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Scooting the Detroit Potholes

After the winter that we had, this spring and summer is bringing us the worst road conditions that many riders have ever encountered. If it’s not a pot-hole filled road, it’s new and ongoing construction. Add in the normal unfamiliarity that drivers have in seeing motorcycle and scooters this time of year and you have a potentially disastrous recipe for riding. Let’s take a look at the few things that the scooterist can do to minimize wear and tear and maximize safety in riding the potholes of Detroit.

The patchwork quilt of road repairs on one suburban street near Detroit
Detroit Scooter Examiner
Scooting these roads is dangerous enough, but then potholes!
Detroit Scooter Examiner

To successfully negotiate these deteriorated streets, your tires must be in top shape. They must be free of old damage, have full or close-to-full tread and be inflated properly for you to even have a chance. Riding a tire that has an old repair, sidewall damage or that is just suffering from old age is a mistake. The hard edges of a pothole could help supply the blow that ends your tire’s life and might wind up tossing you off the scoot. If there is even a time to be absolutely obsessed with the air pressure in your tires, it is now. A tire with lower pressure will generate more heat and will be susceptible to compression into the wheel, with potentially catastrophic results. Too high of a pressure will result in a teeth-chattering ride, reduced traction, and perhaps a tendency to carry more speed into turns. The appropriate speed in turns is usually fun, but unless you know the condition of the road in the turn in advance, a lower speed is probably better for the grip and most riders.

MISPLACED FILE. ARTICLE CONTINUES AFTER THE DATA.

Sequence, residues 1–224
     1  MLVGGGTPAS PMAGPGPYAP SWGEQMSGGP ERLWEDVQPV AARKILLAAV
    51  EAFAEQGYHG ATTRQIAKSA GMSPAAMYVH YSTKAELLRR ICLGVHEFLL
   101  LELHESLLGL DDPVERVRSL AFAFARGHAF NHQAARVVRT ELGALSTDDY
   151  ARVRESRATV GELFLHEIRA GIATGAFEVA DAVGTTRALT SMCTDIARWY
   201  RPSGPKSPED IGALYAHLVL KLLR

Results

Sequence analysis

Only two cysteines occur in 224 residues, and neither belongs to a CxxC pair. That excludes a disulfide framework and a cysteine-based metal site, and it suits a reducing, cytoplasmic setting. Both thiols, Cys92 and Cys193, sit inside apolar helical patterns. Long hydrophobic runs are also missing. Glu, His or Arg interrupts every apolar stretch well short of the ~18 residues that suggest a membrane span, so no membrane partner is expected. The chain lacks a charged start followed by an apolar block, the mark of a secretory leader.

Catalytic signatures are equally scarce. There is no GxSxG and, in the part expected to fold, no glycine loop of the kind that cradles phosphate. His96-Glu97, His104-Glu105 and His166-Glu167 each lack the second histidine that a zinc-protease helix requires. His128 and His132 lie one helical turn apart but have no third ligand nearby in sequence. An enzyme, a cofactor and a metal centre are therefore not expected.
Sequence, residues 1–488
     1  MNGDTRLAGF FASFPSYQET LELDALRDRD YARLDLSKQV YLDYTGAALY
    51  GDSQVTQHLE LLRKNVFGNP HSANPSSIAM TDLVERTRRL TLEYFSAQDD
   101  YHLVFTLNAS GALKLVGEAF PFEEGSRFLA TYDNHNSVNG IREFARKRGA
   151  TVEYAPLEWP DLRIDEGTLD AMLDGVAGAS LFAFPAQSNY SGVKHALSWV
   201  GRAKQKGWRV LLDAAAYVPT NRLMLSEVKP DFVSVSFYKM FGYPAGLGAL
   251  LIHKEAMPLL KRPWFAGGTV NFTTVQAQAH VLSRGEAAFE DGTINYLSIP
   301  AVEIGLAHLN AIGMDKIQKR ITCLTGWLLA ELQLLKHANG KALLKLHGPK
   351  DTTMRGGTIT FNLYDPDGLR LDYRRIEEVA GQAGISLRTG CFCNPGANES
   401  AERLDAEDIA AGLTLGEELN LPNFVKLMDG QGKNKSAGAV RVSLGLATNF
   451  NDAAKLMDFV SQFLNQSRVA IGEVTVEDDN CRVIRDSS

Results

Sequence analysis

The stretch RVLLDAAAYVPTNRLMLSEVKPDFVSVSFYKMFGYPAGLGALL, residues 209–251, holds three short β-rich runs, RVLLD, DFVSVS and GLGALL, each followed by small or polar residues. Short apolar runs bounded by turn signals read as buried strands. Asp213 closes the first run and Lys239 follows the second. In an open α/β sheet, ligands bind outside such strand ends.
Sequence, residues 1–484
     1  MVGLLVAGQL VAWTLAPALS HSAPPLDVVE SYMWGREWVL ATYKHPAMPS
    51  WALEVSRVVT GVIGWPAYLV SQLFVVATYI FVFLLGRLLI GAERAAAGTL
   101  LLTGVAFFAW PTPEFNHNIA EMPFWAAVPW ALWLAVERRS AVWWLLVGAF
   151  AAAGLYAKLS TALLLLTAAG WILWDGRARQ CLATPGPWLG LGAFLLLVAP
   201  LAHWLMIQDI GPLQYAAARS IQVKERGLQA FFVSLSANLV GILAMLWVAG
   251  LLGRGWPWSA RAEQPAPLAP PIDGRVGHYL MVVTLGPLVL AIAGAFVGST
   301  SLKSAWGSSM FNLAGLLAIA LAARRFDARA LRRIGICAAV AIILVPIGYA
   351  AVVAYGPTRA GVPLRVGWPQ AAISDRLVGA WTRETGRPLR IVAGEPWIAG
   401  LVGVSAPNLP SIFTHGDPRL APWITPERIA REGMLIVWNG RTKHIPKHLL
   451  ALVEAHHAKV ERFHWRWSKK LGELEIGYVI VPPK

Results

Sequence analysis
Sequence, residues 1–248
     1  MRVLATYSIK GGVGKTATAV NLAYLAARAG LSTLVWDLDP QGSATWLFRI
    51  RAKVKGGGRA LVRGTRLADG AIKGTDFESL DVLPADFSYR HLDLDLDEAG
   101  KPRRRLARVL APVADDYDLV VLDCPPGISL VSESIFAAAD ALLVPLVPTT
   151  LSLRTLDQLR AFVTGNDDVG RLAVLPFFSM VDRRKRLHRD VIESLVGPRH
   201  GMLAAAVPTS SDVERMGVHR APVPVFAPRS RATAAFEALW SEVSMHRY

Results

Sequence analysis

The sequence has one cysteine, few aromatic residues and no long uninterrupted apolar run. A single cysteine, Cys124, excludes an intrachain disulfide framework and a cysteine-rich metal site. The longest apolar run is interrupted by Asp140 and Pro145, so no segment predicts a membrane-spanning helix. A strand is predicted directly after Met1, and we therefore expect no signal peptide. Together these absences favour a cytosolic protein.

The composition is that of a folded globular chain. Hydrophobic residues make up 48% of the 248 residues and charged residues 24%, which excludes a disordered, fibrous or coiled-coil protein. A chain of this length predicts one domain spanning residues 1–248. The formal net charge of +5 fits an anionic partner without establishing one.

Although there isn’t a lot we can do to adjust a stock suspension on a modern scooter, we can inspect the suspension for damage and for proper operation. Kneel down and take a good look at the various parts of your suspension - look for axle nuts or clamps and make sure that they are tight and at the right torque values. Examine your shocks and springs, both on the front and on the rear of the scooter. They should be well attached, with no “play” or loose hardware. The shock rods (the shiny metal part) should be clean and free from obvious dirt or oil. If you do see dust or a light coating of dirt, use a tiny amount or mild cleaner or light oil and a soft cloth to gently clean them. The idea is to keep foreign objects like dirt away from the seals where the rod goes into the shock. The cleaner the rod, the more ability that the seals will remain undamaged and that the shock fluid will stay where it belongs. Springs should be firmly mounted and free from rust or obvious dirt. Any caked on dirt or mud should be removed because at full compression the individual spring coils may come into contact with each other, crushing whatever is in between.